Inspirational old boy opens £0.5m facilities
Date published: 11 January 2017
OPENING ceremony . . . Mr Nott unveils the plaque watched by, from left, Vijay Srivastava (chairman of governors), Daisy Hilton, Oldham mayor Councillor Derek Heffernan, David Nott, Craig Mairs (principal) and Mia Robinson
THE world's leading war surgeon returned to his former school to open its new £500,000 science centre.
David Nott officially unveiled the refurbished two-storey building at Hulme Grammar School which has six physics and chemistry labs as well as preparation, storage and staff rooms.
He brought some of his old school reports, which included the comments "work is presenting many problems for him", "gets puzzled easily" and "much more junior school in attitude and behaviour than others".
But the renowned general and vascular surgeon paid tribute to former teachers Ian Holt and David Hallet, saying that he would not have achieved what he has without them.
Along with his parents and other teachers, they gave him a passion which saw him go on to study at St Andrew's and Manchester universities and become a fellow of the Royal College of Surgeons.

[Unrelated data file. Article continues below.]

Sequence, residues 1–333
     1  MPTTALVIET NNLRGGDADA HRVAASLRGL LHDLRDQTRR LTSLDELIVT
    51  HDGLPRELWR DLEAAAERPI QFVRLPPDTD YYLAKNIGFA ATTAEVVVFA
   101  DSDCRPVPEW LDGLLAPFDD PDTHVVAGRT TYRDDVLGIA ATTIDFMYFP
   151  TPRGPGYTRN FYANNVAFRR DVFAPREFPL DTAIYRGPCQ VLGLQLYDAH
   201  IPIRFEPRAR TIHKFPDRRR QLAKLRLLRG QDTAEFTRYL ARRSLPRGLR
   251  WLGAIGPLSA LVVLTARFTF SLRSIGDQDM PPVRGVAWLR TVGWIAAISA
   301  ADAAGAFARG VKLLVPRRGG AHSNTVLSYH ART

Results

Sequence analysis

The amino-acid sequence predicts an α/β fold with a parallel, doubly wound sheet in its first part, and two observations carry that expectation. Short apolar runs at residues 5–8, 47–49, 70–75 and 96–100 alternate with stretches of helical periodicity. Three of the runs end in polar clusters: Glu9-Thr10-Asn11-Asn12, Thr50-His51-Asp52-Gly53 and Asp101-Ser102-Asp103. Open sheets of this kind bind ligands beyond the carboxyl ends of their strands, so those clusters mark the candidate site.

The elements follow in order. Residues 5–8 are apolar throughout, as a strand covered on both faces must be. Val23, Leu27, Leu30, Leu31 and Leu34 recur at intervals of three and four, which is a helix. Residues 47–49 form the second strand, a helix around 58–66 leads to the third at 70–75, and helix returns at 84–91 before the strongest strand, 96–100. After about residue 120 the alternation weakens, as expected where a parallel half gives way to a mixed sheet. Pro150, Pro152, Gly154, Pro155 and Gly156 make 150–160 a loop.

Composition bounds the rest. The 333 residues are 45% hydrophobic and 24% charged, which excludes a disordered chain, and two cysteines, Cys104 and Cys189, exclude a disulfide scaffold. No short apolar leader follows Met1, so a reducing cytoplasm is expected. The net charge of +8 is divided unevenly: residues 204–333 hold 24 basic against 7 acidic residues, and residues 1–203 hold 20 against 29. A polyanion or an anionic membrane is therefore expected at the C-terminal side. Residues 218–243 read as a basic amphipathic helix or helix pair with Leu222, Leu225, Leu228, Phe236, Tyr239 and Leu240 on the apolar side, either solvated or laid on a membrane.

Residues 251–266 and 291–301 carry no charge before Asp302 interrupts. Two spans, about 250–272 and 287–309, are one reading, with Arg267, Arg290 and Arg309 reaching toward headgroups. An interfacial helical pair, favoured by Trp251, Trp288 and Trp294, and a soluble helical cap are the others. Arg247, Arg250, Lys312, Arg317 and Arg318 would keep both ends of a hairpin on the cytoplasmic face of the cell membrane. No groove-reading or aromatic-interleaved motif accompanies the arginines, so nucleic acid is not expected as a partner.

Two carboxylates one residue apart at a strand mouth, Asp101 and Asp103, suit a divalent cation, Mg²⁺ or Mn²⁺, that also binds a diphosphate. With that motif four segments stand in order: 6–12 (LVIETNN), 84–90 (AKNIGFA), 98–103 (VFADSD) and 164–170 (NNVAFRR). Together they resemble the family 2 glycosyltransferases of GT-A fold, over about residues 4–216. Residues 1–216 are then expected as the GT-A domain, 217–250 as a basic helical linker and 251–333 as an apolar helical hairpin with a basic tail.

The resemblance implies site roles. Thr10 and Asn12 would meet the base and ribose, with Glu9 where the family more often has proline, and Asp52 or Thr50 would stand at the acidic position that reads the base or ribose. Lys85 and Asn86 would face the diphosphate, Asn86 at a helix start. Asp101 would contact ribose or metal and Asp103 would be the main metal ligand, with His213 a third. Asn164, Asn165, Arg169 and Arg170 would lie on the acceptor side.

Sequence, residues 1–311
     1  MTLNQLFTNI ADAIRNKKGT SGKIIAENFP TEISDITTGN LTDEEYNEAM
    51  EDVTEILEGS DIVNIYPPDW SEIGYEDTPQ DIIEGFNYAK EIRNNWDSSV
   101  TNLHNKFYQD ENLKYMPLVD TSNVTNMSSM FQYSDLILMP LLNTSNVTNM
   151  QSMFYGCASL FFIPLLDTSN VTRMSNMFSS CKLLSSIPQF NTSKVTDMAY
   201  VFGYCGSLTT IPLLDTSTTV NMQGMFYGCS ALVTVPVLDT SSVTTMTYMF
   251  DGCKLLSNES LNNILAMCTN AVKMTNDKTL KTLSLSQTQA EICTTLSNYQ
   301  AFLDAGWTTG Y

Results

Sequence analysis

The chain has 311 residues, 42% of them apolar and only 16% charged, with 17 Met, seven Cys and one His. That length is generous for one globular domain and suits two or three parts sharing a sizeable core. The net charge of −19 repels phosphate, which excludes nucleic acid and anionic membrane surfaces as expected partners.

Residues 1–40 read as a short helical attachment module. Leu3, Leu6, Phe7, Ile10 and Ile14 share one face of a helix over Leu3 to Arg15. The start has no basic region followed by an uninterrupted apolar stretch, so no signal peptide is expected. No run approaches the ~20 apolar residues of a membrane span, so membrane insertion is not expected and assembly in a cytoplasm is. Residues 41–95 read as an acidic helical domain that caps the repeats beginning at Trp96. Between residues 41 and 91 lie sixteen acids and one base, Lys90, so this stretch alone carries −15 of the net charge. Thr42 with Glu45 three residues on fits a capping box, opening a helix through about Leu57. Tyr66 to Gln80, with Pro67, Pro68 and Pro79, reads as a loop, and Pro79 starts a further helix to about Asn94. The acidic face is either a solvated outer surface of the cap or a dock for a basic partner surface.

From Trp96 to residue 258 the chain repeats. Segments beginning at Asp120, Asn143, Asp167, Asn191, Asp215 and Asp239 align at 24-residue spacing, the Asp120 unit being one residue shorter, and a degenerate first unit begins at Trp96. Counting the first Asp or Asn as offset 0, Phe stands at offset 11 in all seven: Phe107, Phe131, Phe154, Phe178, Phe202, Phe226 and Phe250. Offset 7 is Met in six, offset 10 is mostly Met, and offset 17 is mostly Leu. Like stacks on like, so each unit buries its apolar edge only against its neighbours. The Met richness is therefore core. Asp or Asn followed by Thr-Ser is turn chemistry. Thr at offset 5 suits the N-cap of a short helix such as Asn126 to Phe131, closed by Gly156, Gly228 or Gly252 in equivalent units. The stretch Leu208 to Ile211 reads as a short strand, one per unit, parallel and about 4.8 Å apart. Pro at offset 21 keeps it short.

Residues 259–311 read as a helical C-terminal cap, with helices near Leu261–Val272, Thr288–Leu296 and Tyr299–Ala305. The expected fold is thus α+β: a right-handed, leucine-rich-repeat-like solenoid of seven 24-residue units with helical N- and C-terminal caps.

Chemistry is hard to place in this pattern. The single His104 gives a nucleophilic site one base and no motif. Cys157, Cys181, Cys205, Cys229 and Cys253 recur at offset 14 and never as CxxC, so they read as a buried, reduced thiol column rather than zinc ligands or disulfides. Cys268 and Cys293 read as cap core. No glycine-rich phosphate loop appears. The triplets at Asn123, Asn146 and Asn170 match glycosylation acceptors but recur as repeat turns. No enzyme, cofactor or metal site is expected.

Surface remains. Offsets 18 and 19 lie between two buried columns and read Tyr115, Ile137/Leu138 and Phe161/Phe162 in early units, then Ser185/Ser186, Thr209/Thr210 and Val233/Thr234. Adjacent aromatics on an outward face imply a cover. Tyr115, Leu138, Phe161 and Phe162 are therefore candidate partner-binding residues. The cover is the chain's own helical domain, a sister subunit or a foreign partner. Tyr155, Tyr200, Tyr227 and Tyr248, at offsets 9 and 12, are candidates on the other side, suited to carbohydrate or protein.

And for more than 20 years, he has taken annual unpaid annual leave to risk his life working for aid agencies in war and natural disaster zones around the world.
He has made headlines saving the lives of a baby retrieved from the rubble of the Haiti earthquake, and of a Congolese man whose infected shoulder he amputated aided by instructions from a British colleague by text message.
Mr Nott has also raised hundreds of thousands of pounds for charitable causes, set up his own foundation to train surgeons to carry on his work in the field and has campaigned for safe corridors to allow humanitarian access to Syria. He has been awarded the OBE, the Robert Burns Humanitarian Award and a Pride of Britain Award.
"It is wonderful to have been given the honour to come back as an old school boy to open your science department," he told pupils, staff and guest at Hulme yesterday.
"I had a wonderful time at Hulme, but I did find it difficult. I was not the brightest of students.
"If it wasn't for Ian Holt and David Hallet, I wouldn't have got where I have today. They gave me passion and if you are passionate about something you will always do what you want to do and nothing will stop you."
Hulme principal Craig Mairs said Mr Nott did not like being dubbed 'the Indiana Jones of Surgery,' as he has been by some newspapers.
But he said: "The world 'hero' is used very loosely these days, but I can think of no better example."
On the new science centre, he added: "We are determined to provide the very, very best for our pupils in terms of the quality of the staff and the facilities. I was absolutely delighted when the governors approved the £500,000 project to renovate our science centre."